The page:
Ebola in the Workplace

By Bradford T. Hammock

The spread of Ebola hemorrhagic fever (EHF) and the incidence of Ebola cases in the United States have raised issues for employers and employees on appropriate workplace responses. The mining community has not escaped these issues, as the public health community at large has mobilized to prevent the spread of the virus.

The Ebola outbreak, however, has highlighted a broader issue for mining employers related to emergency preparedness and business continuity considerations. Mining employers should review their response to the Ebola outbreak and adjust their approach to emergency response and business continuity based on lessons learned.

Ebola Hemorrhagic Fever

Over the last weeks, the world public health community has been battling the spread of EHF. EHF is caused by infection with an Ebola virus, and is typically associated with fever, muscle pain, headache and sore throat. Other symptoms, including nausea, vomiting, diarrhea and impaired organ function, may appear as the illness progresses. Symptoms of EHF arise within two days and 21 days after exposure, but eight days to 10 days is the average.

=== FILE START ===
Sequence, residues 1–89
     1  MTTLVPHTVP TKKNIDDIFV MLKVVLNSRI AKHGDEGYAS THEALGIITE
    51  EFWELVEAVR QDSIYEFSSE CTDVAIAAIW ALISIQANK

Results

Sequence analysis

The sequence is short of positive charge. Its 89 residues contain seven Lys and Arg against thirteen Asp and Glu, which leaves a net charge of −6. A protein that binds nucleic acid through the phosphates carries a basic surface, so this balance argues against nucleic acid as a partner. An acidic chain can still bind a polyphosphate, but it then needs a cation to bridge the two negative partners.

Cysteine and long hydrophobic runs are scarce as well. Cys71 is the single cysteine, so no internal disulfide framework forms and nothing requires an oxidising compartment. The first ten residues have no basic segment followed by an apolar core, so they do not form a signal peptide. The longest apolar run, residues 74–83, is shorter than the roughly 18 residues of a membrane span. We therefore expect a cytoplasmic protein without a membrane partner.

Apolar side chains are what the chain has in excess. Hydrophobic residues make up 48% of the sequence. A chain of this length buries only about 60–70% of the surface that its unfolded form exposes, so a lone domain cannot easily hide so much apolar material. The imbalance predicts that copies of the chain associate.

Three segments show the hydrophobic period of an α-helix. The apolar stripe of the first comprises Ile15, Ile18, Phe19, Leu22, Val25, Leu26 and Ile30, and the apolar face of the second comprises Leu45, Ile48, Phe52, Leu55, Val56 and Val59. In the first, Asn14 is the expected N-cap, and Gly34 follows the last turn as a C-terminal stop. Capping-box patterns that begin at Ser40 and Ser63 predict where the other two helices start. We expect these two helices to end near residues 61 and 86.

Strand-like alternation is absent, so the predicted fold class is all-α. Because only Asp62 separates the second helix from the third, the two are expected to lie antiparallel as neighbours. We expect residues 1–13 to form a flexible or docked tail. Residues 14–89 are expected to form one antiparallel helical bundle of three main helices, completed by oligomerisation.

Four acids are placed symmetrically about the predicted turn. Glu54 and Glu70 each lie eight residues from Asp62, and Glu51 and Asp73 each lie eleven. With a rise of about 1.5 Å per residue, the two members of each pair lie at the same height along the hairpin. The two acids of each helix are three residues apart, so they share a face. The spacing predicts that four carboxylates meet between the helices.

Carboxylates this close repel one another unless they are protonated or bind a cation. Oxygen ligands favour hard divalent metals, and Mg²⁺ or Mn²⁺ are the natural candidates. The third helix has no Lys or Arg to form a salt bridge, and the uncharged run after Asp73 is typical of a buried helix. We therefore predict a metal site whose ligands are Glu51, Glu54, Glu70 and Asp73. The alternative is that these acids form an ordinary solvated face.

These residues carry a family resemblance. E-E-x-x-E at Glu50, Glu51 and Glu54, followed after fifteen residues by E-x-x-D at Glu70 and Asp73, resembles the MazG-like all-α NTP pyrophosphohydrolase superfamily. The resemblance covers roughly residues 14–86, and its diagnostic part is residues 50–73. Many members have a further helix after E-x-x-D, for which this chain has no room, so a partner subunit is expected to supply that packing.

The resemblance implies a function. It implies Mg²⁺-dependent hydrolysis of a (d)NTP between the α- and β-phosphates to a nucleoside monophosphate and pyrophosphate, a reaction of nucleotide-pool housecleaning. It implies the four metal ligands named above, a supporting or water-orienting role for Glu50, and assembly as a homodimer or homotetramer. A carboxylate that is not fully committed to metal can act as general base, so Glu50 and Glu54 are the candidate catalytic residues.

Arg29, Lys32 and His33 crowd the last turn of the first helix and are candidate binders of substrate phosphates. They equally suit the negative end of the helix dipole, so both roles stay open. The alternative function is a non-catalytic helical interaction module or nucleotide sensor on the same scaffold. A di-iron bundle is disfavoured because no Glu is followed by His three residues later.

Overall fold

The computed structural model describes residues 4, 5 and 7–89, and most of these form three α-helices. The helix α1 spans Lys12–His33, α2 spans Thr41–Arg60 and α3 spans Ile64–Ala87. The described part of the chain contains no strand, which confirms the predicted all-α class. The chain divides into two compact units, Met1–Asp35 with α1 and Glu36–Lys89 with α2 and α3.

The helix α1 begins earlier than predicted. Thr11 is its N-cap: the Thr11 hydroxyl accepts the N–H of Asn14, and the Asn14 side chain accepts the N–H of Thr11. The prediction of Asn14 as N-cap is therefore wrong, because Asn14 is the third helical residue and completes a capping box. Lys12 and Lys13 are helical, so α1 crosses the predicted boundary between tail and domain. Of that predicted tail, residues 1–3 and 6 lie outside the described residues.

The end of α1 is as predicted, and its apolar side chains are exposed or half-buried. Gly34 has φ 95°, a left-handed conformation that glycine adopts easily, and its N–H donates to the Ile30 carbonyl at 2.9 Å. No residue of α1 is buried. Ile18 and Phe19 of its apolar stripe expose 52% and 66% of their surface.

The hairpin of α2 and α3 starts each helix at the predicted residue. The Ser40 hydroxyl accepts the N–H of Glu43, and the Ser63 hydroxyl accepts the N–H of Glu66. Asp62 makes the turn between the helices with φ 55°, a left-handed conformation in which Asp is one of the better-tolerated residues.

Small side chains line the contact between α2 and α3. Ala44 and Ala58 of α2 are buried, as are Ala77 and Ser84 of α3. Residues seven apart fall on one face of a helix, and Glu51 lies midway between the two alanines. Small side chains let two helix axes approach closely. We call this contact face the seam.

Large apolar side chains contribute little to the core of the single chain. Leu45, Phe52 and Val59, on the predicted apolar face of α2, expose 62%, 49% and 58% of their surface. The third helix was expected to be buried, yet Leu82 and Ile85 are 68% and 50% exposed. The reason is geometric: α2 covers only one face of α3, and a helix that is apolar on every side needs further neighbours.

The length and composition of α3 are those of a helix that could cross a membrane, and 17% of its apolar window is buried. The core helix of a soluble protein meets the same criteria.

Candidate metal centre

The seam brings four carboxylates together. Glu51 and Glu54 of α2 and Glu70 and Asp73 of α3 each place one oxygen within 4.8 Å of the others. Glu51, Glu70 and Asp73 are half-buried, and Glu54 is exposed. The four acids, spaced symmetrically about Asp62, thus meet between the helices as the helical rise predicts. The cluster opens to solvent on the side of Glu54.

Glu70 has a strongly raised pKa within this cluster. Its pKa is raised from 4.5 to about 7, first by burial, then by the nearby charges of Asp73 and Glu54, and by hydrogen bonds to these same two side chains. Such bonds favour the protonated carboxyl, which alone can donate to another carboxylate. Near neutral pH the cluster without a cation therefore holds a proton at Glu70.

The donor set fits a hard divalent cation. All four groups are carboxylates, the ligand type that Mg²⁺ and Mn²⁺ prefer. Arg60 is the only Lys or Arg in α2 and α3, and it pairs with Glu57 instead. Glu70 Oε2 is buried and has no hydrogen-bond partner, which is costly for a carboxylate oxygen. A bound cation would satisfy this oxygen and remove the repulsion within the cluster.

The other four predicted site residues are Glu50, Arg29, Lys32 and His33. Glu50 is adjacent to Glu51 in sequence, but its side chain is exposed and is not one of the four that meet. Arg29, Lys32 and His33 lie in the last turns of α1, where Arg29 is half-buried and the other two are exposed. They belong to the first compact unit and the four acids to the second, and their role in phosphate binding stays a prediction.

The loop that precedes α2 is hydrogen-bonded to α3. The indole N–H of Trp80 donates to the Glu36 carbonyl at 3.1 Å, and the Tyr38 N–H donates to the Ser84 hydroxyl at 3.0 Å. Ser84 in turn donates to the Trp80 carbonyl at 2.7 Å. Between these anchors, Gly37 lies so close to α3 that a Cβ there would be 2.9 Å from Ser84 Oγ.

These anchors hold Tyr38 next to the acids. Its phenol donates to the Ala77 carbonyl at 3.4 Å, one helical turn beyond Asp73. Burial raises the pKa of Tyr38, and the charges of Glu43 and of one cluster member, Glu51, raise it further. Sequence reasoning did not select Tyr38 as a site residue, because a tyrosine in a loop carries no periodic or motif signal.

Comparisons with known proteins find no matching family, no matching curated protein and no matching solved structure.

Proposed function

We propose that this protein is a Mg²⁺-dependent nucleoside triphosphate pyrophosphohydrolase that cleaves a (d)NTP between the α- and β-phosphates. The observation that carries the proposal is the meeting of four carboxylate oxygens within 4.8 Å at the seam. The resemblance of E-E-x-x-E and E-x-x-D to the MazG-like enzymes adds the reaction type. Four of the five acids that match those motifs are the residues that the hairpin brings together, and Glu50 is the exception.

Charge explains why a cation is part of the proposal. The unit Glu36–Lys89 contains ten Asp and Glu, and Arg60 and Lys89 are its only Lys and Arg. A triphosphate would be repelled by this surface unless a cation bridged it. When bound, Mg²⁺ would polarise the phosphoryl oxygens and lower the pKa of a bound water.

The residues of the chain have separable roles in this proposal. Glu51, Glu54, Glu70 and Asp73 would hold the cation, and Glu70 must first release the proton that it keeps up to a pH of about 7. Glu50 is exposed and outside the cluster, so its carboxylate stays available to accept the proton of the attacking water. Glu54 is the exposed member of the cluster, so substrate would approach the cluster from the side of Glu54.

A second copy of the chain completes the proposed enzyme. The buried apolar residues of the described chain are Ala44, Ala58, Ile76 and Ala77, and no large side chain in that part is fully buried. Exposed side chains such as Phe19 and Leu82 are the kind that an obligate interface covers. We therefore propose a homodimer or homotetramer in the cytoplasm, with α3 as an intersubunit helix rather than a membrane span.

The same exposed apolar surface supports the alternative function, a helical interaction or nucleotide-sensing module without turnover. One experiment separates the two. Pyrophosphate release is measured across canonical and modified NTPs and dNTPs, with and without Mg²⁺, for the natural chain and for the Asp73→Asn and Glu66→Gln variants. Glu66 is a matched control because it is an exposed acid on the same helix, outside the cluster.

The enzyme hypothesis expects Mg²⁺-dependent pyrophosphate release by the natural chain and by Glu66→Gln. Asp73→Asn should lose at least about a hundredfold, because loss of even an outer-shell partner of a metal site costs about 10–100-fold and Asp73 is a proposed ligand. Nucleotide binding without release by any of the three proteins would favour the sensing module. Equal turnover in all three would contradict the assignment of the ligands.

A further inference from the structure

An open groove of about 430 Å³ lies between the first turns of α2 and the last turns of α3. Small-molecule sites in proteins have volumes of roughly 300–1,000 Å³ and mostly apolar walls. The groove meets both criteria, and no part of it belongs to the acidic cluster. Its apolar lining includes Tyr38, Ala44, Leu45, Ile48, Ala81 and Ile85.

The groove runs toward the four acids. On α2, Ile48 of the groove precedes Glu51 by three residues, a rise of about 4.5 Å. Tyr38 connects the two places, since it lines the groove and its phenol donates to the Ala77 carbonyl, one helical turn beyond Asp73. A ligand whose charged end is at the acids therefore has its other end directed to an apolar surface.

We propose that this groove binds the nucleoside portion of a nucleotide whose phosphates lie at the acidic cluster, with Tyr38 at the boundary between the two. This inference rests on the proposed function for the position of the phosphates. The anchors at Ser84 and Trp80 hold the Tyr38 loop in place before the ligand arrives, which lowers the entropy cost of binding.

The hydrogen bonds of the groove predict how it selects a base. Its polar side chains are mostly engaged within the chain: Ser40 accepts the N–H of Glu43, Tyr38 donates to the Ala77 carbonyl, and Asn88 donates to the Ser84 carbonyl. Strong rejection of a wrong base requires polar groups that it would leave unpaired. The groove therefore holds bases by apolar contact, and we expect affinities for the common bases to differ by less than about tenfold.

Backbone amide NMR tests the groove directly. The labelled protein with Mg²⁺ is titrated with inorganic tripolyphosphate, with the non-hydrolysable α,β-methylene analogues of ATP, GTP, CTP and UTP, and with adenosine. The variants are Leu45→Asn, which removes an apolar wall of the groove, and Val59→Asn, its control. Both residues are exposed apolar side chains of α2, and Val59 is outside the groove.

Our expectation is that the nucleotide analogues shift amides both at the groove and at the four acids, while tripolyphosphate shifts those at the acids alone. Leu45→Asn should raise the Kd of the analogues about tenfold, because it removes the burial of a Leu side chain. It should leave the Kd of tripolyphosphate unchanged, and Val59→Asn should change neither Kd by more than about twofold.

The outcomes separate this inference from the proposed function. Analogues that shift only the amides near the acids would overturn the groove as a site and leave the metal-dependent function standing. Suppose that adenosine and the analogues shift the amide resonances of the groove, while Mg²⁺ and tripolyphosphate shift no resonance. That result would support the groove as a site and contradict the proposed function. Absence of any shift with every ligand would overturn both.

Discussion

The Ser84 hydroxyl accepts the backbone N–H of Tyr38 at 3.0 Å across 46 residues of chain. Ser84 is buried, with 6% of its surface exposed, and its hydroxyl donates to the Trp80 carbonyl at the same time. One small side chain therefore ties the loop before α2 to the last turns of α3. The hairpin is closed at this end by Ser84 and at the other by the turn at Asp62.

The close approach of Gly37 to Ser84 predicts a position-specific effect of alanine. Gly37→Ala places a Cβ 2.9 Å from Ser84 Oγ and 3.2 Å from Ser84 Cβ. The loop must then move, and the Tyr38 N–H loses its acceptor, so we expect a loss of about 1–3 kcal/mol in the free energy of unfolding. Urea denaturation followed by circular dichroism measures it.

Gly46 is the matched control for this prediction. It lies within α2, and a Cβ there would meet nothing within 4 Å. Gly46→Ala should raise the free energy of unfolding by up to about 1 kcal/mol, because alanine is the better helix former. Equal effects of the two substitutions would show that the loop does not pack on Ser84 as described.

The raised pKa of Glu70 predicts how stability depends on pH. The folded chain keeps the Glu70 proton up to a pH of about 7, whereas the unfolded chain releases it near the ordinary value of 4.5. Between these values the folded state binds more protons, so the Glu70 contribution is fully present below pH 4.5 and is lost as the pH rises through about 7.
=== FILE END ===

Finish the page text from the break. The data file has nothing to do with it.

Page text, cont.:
The Centers for Disease Control and Prevention (CDC) has categorized the Ebola virus as a Category A select agent. This means that it poses a risk to national security because it can be easily disseminated or transmitted from person to person, can result in high mortality rates and has the potential for major public health impact, may cause public panic and social disruption, and can require special action for public health preparedness.

The CDC has been and continues to monitor the spread of the virus. In the U.S., cases of transmission of the virus have occurred in the health care setting. The Occupational Safety and Health Administration (OSHA) has stated the Ebola virus and EHF do not pose a threat to most U.S. workers.

Workplace Safety and Health Considerations